There would be no individual part (the home button) that third-party repair can single handily migrate over to create a pairing set of hardware except the OEM screen that’s damaged and needing to be swapped out in the first place.
- The Next iPhone Could Put 15,000 Repair Companies Out of Business
- Next iPhone could shut thousands of companies
- Apple moves to grab monopoly on screen repairs
In order for all this to happen, a series of events must all take place.
Some are confirmed, some aren’t and some are too vague right now.
- OLED Displays (Confirmed) – This new technology can only be adopted with OLEDs and leads the prerequisite list. OLED Displays will be used on future iPhones starting with the iPhone 8+.
- Button-less Home Key (Confirmed) – Removal of a physical home button means Apple has to adopt new technology in a new location for Touch ID.
- Paired Key to OLED Panel – (Unconfirmed/Probable) – It’s not confirmed if the OLED panel will carry a paired key to the Secure Enclave, yet. However, it’s hard to see Apple ditching this concept unless some other form of authentication comes into play.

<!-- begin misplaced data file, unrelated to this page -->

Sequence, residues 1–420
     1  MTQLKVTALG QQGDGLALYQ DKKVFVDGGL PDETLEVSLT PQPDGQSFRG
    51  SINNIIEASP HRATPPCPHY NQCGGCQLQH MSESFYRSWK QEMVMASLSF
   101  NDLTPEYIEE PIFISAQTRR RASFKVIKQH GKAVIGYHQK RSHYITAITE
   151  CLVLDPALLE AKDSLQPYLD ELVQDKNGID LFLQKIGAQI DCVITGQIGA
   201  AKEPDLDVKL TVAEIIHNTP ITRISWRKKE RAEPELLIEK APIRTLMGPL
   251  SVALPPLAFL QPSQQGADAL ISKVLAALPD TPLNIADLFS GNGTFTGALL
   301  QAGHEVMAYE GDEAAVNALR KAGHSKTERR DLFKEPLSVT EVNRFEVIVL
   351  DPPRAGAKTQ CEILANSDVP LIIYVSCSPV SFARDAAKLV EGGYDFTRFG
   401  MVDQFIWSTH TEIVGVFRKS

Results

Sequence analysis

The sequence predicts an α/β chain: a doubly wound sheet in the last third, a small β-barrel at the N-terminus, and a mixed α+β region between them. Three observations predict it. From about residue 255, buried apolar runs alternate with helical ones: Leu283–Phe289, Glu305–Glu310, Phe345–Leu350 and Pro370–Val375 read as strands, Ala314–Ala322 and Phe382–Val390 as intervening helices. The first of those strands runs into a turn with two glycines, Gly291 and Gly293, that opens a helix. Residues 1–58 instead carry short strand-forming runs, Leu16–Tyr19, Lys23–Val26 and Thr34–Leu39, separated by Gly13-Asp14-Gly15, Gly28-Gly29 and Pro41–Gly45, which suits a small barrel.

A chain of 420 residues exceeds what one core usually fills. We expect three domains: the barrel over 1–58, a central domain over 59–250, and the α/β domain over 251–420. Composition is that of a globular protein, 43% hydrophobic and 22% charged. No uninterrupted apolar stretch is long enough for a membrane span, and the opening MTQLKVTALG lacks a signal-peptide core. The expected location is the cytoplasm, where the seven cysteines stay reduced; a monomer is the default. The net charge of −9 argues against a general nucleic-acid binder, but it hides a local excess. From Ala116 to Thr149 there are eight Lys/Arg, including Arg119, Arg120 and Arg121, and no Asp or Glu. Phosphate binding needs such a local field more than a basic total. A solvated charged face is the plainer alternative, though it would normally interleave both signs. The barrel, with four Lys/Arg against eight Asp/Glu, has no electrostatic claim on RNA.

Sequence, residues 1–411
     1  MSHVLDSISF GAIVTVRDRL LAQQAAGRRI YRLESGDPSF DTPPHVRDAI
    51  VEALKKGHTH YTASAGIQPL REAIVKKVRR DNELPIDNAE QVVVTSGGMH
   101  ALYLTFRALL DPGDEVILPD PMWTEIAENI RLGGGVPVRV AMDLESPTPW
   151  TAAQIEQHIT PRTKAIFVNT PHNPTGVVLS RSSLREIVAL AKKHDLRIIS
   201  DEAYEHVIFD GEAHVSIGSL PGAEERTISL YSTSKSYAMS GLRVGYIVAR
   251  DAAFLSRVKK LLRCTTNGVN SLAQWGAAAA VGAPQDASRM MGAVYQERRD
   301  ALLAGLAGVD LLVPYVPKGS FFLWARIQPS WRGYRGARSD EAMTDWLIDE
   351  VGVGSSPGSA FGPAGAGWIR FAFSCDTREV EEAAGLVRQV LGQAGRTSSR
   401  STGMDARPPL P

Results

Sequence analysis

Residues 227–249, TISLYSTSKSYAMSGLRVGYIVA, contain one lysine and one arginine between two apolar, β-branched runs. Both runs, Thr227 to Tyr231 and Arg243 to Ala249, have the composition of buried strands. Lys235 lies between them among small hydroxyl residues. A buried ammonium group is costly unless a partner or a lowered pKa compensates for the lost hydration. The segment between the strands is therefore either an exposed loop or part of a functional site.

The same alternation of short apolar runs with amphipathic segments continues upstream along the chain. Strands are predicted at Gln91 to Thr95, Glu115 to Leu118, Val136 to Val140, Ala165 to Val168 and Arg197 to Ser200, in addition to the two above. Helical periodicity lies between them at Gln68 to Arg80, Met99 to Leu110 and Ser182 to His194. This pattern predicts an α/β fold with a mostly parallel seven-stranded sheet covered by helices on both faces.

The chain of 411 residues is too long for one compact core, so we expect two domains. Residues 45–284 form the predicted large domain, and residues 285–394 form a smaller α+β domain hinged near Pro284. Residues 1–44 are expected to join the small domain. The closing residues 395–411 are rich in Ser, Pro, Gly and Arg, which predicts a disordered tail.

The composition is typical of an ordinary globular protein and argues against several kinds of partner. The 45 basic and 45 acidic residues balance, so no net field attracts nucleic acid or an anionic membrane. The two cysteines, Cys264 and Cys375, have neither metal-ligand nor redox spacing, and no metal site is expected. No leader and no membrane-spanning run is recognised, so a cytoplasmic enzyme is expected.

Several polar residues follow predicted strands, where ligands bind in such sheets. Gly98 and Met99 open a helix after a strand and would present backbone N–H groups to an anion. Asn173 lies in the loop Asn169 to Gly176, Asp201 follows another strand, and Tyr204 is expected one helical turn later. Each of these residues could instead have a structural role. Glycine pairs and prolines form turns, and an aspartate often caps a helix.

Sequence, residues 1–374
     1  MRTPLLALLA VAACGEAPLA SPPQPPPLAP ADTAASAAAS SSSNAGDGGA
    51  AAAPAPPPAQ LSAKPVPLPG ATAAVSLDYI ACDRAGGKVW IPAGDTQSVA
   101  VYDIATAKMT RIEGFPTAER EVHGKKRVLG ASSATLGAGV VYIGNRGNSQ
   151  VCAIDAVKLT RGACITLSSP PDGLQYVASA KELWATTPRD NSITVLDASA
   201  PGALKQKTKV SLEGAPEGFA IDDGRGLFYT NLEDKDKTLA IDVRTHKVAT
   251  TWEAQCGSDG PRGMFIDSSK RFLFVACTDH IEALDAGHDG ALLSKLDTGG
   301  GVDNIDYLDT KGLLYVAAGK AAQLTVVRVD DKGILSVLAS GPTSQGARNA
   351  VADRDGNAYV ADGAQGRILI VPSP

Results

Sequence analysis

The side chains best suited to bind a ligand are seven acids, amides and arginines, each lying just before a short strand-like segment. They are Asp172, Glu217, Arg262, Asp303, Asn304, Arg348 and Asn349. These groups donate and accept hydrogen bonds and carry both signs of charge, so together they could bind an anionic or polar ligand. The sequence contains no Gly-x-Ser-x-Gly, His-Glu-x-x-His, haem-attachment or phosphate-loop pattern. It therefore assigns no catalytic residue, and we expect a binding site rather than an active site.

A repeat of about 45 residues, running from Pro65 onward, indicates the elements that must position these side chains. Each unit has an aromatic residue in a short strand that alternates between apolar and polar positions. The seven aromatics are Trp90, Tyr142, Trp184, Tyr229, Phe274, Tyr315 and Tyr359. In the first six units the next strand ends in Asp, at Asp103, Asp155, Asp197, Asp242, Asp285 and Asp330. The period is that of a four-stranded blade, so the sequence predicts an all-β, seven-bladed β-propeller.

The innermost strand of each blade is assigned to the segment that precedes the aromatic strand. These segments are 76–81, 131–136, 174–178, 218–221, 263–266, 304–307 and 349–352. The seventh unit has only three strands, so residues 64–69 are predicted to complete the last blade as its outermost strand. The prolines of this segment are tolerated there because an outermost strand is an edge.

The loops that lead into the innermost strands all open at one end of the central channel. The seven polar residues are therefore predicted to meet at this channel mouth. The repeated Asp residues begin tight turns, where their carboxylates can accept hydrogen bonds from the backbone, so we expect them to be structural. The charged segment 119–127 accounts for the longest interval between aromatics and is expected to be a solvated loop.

- Functionality with Non-Paired Key – (Unknown) – If #3 above happens, will Apple still allow non-paired hardware (OLED panel) to work without Touch ID functions?
Focusing on security, I just don’t see Apple revamping the entire OLED panel and accepting users inability to have the added layer of security on a sizable amount of third-party repairs. They’ve had several years with 5s/6/6s/7 to plan accordingly and my crystal ball says their likely to fill this gap with some other change on future models.
Apple has filed patents and recently acquired highly related companies such as LuxView (micro-LCD tech) and Legbacore (security) which would speed up the process and cement their desires of creating secure OLED greatness.